I have been an admirer of Leonhardt's musicianship since my youth. For me he was simply magic in performing certain repertory, especially on the harpsichord. In the way he performed Frescobaldi and Froberger on the one hand and the French compositions from the Grand Siècle on the other he convincingly demonstrated his affinity for these different cultures. His treatment of tempo, timing, rhetoric, freedom was absolutely unique. These are the aspects I wanted to learn from him.

After your period of study, did you have further contacts with Gustav Leonhardt that contributed to your development as a musician?

In 2000 & 2001 I was in close contact with Leonhardt, Bernard Winsemius and Leo van Doeselaar because we organized a festival called 'Muziek uit de gouden eeuw' (Music from the Golden Age) in the three big churches: Nieuwe Kerk Amsterdam, Pieterskerk Leiden and St Laurenskerk Alkmaar. Our aim was to create a festival with world leading ensembles in symbiosis with organ repertory from the same region and time. The program and content of the festival were very successful; unfortunately the concerts were poorly attended, therefore the festival took place only once. Beautiful memories of our meetings and discussions in the kitchen of Leonhardt's house on the Herengracht. We discussed the concert themes and the musicians and ensembles which would best match them.

Did his approach to teaching influence the approach you have taken with your own students? If so, how?

Absolutely! We can be very lucky that Leonhardt has recorded such a broad repertory. Therefore we can still enjoy his sound, his timing, his suggestion of dynamics, his tempi, his rubato ... A bit sad is that if I refer to Leonhardt with my students, many of them look ignorant ... they do not even know his name! So quickly time passes.

Curriculum Vitae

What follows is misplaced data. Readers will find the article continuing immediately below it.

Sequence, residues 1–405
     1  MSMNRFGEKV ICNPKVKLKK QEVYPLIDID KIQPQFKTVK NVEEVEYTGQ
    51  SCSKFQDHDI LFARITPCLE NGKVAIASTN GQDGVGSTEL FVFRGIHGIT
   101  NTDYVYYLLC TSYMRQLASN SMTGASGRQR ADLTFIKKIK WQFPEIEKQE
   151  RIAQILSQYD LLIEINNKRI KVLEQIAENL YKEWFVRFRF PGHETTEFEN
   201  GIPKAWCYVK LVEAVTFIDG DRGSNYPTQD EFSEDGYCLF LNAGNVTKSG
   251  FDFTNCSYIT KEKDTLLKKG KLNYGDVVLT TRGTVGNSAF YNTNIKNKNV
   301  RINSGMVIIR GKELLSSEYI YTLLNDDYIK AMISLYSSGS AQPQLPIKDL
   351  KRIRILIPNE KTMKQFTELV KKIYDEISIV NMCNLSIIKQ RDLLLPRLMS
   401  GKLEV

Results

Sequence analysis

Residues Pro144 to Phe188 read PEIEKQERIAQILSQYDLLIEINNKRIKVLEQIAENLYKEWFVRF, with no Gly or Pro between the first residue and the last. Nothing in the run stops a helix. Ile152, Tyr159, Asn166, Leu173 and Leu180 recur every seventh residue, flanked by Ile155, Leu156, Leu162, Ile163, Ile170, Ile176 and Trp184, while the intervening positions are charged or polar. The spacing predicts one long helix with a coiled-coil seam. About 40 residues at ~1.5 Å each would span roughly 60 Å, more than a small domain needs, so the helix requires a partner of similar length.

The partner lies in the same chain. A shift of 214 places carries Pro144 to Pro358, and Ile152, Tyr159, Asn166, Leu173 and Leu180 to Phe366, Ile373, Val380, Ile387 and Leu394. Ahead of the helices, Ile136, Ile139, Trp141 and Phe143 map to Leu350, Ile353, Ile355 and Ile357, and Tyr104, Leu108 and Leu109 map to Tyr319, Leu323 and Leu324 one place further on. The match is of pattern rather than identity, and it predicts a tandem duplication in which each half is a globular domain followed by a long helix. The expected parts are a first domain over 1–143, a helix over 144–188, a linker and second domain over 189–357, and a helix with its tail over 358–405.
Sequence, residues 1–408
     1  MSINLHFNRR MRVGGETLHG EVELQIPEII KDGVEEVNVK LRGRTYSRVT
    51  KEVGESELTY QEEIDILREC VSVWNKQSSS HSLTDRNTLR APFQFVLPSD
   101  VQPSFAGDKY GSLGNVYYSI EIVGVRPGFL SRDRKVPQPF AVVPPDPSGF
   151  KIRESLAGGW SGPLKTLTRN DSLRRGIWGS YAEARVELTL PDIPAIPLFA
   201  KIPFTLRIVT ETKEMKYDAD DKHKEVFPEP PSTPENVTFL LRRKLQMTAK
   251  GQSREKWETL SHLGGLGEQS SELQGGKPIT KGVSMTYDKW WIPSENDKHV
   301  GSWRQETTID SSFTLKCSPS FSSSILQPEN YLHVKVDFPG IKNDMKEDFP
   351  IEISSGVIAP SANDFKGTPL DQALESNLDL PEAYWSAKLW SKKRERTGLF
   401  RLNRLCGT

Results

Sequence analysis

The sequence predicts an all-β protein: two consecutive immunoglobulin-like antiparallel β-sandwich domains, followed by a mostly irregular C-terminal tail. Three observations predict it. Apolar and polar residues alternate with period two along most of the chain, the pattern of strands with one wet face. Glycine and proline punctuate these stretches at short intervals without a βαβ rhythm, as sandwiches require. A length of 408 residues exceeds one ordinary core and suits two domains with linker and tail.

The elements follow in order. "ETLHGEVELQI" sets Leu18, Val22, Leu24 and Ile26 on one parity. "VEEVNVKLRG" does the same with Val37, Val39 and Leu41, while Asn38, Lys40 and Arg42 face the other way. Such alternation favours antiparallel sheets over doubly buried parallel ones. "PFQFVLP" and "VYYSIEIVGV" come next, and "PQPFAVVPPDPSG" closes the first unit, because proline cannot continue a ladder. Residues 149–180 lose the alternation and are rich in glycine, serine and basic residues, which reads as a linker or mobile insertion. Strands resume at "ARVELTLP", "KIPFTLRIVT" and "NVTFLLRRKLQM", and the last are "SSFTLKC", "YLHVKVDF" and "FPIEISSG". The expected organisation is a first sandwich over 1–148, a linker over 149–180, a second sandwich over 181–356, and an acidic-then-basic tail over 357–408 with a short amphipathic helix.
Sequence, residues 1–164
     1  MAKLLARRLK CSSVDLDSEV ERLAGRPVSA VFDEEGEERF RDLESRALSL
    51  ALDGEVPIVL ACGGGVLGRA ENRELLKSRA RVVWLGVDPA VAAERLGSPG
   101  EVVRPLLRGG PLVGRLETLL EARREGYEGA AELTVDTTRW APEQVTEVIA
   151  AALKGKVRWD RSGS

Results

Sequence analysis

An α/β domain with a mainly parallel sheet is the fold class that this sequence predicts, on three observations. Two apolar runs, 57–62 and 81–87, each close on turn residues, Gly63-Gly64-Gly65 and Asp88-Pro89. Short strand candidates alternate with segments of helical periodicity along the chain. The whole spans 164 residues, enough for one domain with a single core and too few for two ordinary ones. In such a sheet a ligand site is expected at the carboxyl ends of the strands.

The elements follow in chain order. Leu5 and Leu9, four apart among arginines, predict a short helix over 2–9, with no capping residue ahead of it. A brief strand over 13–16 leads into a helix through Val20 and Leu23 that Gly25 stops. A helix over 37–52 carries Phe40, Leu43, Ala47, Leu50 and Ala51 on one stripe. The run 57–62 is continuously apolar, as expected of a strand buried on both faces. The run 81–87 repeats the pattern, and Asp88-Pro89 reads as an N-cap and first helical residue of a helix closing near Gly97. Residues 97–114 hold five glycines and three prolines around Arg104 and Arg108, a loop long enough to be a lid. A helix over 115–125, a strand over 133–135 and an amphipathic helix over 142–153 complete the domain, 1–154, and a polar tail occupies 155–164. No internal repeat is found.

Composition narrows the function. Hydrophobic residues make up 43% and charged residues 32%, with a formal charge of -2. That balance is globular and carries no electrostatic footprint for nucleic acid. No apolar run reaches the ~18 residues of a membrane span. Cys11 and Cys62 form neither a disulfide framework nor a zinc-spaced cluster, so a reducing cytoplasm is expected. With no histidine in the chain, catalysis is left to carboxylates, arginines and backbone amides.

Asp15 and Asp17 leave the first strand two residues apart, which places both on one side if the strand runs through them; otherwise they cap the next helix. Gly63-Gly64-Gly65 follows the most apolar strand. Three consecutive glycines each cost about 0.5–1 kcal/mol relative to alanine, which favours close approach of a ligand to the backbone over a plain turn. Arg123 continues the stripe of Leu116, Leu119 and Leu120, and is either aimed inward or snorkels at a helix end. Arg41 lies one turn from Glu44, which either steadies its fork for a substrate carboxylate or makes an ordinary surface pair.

Pieter van Dijk (1958) is City Organist, and organist of the Grote Sint Laurenskerk, in Alkmaar, the Netherlands, where he acts as custodian to two of the world’s most significant historic organs. As one of Europe’s most sought-after teachers, Van Dijk is Professor and Head of Organ Studies at the Conservatory of Amsterdam, a position he combines with a Professorship at the Hochschule für Musik und Theater in Hamburg. Together with Frank van Wijk, he is Artistic Director of Organ Festival Holland, which places the renowned Alkmaar instruments at the centre of a prestigious international organ competition, organ academy and concert series. Pieter van Dijk was a pupil of Bert Matter at the Arnhem Conservatory, before going on to further his studies with Gustav Leonhardt, Marie-Claire Alain and Jan Raas. As a performer he was awarded prizes at international competitions in Deventer (1979) and Innsbruck (1986). His many recordings on historic organs throughout the Netherlands and beyond have included the Fugue State Films DVD ‘The Organs of the Laurenskerk’, which in 2013 was awarded the Preis der Deutsche Schallplattenkritik. In 2017 he commenced the recording of a complete Bach-cycle for DMP Records. Van Dijk’s research interests have led to the publication of articles about Weckmann, Sweelinck, Bach and the playing style of the great early 20th-century German organist Karl Straube. He was one of the advisors behind the much-lauded reconstruction of the organ at the St Katharinenkirche in Hamburg, on which Bach famously performed in 1720. As a performer and jury member at international competitions, Pieter van Dijk has appeared throughout Europe as well as in the USA and Japan.